- And how he processes information? It’s not so much “processed” in a traditional sense, but more like a dog’s consciousness constantly responding to immediate stimulus, without the ability to conceptualize time’s passage.
That’s what AT&T paid $600,000 to learn. And that was the good stuff.
Fire Them All, Says Trump Lawyer
AT&T weren’t alone in paying Cohen for insight into Trump.
Korea Aerospace Industries Ltd paid Cohen $150,000 for his advice on accounting matters. At the same time, they were in a multi-billion dollar competition to sell jets to the US Air Force.
Similarly, a pharmaceutical company paid Cohen $1.2 million for insight into health care policy. They were responsible for paying Cohen this money even after they concluded that his insight was worthless. Of course, debate over health care policy largely enveloped Trump’s first year of presidency, with many pharmaceuticals hoping to undo the regulations meant to protect sick Americans.
A GOP strategist told CNN that Cohen’s pitch went like this:
“I don’t know who’s been representing you, but you should fire them all. I’m the guy you should hire. I’m closest to the President. I’m his personal lawyer.”
But not all companies took up Cohen on his offer.
Uber and Ford both rejected him. In doing so, Uber cited Cohen’s sketchy taxi medallion business as a conflict of interest.
The others didn’t hesitate to set up the transfer of funds. AT&T, with a merger on the horizon. KAI, hoping for a contract exceeding billions of dollars. Among others.
When you’re shoveling money toward a man with no skills and who is blatantly incompetent, who’s openly positioning himself as the guy closest to the President, and you have your initiatives on your sleeve — how far away are you from participating in a bribe?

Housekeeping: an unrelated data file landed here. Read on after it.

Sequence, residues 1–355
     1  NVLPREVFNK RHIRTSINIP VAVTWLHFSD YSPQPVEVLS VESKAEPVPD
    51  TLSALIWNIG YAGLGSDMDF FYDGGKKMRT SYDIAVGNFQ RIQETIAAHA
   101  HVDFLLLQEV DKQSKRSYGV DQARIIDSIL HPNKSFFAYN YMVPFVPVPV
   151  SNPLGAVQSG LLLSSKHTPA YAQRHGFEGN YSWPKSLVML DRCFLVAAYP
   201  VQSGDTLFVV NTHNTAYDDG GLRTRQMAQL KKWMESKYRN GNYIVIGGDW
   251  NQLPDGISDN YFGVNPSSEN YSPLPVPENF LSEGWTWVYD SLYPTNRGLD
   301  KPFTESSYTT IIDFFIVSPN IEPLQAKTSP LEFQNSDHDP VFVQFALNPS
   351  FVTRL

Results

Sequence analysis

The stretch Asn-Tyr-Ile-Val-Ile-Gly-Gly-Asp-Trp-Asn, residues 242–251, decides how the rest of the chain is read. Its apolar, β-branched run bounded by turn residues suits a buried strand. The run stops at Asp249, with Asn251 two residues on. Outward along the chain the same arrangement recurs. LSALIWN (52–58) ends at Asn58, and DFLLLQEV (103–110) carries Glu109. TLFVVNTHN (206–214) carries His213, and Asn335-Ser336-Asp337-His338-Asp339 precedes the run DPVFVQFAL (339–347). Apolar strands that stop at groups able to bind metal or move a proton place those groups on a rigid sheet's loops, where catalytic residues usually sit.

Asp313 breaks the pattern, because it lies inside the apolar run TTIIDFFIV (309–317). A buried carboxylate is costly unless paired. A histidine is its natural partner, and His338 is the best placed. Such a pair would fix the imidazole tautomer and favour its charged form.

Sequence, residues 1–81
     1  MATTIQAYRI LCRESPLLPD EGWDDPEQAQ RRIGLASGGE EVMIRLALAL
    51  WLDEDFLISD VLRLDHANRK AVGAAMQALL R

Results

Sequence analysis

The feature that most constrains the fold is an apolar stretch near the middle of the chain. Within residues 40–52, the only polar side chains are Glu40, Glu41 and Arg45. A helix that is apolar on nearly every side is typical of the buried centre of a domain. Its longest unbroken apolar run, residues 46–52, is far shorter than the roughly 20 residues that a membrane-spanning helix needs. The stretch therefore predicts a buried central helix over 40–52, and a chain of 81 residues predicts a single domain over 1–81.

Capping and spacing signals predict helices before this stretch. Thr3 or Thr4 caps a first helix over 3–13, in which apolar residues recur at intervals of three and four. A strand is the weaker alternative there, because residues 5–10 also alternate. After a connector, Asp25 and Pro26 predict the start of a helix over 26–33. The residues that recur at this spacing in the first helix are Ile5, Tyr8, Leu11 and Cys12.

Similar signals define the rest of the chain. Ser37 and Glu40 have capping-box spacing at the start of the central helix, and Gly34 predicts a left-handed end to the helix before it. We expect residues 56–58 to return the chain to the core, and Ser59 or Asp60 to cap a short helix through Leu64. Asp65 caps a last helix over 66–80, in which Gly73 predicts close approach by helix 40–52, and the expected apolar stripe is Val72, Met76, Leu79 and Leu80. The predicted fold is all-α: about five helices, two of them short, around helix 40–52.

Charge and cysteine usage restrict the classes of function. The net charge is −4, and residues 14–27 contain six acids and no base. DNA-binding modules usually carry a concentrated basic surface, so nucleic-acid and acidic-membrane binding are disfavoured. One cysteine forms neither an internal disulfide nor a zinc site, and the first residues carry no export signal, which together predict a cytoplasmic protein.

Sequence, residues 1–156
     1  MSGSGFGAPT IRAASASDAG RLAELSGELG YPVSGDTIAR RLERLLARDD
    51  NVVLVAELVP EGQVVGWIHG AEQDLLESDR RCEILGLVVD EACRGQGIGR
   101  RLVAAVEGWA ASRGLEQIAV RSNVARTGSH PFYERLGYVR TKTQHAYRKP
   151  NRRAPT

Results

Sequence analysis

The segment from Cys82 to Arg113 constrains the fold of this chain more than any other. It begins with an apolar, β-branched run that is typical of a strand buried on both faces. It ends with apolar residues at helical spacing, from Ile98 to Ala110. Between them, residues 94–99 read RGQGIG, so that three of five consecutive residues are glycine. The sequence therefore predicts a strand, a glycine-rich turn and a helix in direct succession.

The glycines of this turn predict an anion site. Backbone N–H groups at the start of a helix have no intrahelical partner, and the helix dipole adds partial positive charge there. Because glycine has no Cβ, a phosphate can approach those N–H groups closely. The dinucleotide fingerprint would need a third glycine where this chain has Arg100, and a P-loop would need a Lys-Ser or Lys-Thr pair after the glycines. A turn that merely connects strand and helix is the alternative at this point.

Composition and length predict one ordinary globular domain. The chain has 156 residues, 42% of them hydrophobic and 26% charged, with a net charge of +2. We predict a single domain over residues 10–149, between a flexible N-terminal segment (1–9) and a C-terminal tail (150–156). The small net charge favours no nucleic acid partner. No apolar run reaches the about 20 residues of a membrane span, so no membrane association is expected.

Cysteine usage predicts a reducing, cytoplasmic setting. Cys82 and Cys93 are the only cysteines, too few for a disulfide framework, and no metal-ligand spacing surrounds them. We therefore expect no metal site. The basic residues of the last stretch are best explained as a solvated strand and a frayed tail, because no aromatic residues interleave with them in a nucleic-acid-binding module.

There’s Some For Everyone
Prior to the revelations, most of the payments had already quietly concluded. Most companies expressed regret.
“I didn’t know there were so many different ways to eat french fries,” an anonymous representative from AT&T said, when asked for comment. “You can eat two at a time, you can throw one in the air and catch it in your mouth, you can drop it on the floor then pick it up and blow on it and eat it anyway, you can eat four at a time… The private dinner I had with him was very much NOT worth the, what was it, a million dollars?”
“I don’t know if you already know this,” said another rep, “but he dips his chicken nuggets in ketchup. Have you noted that already? I feel this is very important for the public to know.”
Whether the companies bought access and quickly realized he lazily spent his days doing nothing — or whether they intended to bribe a man with a short term memory, they all realized soon enough that they had made a huge mistake.
“He just really sucks, doesn’t he?” said the AT&T rep, glassy eyed from the traumatic memory. “Can’t believe we paid all that money to be in a room with some guy that sucks.”
He sighed deeply and shivered.
“Oh well, at least we got rid of Net Neutrality.”